More Than You Ever Wanted to Know About Beryllium

Trump administration seeks to roll back Obama rules on toxin.

More Than You Ever Wanted to Know About Beryllium

Shipbuilding, Anacortes, Washington. (Photo by duluoz cats/ flickr CC 2.0)

When is the last time you read similar headlines in The New York Times and The Occupational Health and Safety Magazine? They’re about beryllium and whether or not the Trump administration has made things worse for certain shipyard and construction workers or left things status quo. Beryllium is a potentially dangerous mineral, exposure to which can lead to chronic beryllium disease — which kills about 100 people a year.

In January 2017, the Obama-era Department of Labor finally issued a beryllium safety exposure rule that had been four decades in the making. Unions and workplace safety advocates cheered. But on Friday, June 23, the Trump administration OSHA proposed changes to that hard-fought agreement. While OSHA wouldn’t be lessening the exposure standards set forth in the January ruling for construction and shipyard industries, it would eliminate additional safety measures.

As Barry Meier reported for The New York Times:

“The OSHA proposal released on Friday would require shipyards and construction companies that use coal slag to meet the same new maximum exposure limit as other industries. But it also proposes to exempt the two sectors from several so-called ancillary requirements, like medical monitoring of employees and other specific safety measures.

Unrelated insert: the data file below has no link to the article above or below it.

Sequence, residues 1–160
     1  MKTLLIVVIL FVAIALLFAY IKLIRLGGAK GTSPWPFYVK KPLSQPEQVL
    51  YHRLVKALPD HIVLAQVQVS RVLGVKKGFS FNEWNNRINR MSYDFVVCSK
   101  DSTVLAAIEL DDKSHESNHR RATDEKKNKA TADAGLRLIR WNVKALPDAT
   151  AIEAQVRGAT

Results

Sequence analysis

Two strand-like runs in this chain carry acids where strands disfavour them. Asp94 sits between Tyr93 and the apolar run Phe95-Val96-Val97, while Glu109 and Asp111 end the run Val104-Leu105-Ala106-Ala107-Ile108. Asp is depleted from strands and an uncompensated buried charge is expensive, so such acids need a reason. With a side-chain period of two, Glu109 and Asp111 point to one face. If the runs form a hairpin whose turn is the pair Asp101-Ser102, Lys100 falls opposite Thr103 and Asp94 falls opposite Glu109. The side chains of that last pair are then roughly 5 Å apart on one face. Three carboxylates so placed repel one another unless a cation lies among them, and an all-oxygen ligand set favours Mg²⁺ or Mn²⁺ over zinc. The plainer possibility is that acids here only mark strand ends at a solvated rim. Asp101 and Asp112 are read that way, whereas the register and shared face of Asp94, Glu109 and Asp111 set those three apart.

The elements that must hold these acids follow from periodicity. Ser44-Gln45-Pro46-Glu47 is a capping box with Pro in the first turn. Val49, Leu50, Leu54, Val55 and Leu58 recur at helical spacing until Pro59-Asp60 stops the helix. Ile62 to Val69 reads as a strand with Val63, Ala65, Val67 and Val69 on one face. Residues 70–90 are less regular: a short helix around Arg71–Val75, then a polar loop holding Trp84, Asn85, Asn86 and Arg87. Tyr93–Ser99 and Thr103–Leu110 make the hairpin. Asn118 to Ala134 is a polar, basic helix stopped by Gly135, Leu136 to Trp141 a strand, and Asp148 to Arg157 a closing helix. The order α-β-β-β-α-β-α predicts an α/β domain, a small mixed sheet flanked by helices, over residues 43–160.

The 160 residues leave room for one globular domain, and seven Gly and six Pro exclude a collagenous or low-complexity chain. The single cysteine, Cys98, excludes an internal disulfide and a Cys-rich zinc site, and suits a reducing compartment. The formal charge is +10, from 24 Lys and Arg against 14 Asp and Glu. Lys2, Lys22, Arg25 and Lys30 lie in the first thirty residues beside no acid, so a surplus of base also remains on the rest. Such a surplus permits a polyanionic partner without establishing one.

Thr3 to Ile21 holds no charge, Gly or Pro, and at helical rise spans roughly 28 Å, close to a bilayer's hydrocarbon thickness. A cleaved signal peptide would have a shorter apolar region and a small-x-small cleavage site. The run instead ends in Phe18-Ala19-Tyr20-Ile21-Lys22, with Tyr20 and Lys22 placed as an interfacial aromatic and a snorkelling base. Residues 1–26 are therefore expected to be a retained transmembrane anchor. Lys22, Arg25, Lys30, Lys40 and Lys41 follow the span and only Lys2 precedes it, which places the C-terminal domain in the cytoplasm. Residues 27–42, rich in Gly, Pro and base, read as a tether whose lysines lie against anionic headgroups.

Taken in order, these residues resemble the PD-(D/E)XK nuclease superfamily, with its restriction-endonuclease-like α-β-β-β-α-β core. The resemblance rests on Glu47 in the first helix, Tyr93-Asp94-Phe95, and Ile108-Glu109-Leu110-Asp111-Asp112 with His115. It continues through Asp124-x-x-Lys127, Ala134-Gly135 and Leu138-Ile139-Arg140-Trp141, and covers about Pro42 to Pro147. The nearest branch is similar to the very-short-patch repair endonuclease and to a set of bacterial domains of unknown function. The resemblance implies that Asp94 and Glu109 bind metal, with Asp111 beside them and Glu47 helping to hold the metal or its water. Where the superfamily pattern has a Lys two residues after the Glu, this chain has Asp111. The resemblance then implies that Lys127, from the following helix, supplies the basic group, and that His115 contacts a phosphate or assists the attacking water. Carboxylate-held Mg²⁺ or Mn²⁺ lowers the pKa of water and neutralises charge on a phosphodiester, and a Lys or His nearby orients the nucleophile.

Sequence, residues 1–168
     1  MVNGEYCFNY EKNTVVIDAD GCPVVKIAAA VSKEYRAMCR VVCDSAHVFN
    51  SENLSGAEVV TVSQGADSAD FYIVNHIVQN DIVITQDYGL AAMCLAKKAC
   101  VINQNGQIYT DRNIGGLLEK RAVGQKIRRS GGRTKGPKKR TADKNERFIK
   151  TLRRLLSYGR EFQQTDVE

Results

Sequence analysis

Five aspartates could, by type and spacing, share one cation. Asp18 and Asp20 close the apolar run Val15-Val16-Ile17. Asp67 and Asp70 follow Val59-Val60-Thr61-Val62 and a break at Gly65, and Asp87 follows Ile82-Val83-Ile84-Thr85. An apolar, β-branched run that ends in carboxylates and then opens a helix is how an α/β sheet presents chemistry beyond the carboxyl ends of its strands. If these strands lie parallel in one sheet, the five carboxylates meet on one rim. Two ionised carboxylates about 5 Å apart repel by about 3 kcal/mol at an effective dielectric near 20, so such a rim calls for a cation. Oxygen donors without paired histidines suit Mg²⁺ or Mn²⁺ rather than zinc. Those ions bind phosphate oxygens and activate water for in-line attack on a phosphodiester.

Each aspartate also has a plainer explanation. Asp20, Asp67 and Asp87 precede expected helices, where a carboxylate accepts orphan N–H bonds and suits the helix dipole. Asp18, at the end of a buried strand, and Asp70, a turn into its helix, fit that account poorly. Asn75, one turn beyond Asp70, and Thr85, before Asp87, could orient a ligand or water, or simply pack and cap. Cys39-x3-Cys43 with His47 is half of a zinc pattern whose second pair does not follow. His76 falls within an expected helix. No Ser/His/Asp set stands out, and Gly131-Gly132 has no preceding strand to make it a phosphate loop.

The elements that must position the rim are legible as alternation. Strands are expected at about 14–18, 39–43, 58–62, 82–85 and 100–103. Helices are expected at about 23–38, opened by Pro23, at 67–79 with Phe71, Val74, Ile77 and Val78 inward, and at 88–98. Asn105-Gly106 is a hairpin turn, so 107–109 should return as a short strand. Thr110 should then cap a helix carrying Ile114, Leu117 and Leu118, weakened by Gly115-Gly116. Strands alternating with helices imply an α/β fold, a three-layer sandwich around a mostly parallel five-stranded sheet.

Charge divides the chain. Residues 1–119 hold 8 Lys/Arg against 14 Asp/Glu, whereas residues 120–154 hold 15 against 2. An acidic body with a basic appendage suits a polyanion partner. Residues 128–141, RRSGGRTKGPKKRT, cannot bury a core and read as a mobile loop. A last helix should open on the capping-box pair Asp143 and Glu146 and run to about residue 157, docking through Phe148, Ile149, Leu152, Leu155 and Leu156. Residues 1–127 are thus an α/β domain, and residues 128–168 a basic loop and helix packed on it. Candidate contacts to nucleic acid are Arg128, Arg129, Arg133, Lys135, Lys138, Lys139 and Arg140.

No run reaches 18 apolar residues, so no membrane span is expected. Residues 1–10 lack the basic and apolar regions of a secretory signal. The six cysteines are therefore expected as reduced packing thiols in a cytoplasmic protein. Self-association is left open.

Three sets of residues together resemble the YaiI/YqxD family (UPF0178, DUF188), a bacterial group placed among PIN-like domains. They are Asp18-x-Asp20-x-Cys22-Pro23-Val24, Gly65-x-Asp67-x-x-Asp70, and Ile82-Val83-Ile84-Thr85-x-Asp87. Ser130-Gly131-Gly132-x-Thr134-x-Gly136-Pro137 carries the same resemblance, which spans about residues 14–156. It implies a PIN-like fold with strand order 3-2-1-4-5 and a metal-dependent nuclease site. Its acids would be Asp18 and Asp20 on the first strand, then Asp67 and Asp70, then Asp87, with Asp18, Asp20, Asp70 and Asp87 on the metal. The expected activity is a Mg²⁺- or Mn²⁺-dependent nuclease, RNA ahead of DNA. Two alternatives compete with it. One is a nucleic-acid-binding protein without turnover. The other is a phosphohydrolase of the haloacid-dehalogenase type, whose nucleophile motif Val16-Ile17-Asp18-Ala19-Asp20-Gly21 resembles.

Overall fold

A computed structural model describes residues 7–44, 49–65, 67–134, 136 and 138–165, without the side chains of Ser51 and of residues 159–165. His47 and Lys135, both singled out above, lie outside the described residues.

“OSHA estimates that there are about 11,500 affected workers in the construction and maritime industries, compared with 50,000 workers in other industries covered by the regulation.

“In the document, the agency said it was taking the step because further review indicated that the ancillary safety measures provided no additional benefits in the maritime and construction industries, which had adequate additional safeguards already in place, such as the use of protective gear.

“The Abrasive Blasting Manufacturers Alliance, an industry group formed by companies that sell coal slag, including the Harsco Corporation, had argued there was no evidence linking its use to beryllium disease. Public records show that the group has spent at least $60,000 to lobby OSHA since January.

The Occupational Health and Safety Magazine leads with the headline that the exposure limits will stay intact.

As Barry Meier and Danielle Ivory reported in The New York Times in early June, the beryllium adjustment is just one of the Trump administration’s changes that has workplace safety and labor advocates up in arms:

“OSHA has also put off enforcement of an Obama-era standard for another respiratory hazard — silica, a mineral linked to a disabling lung disease as well as cancer — and it has delayed action on a rule that would require employers to electronically report workplace injuries so that they can be posted for the public.”

Stay tuned for further developments.

Read more installments in our series “While He was Tweeting” — keeping an eye on Trump’s wrecking ball.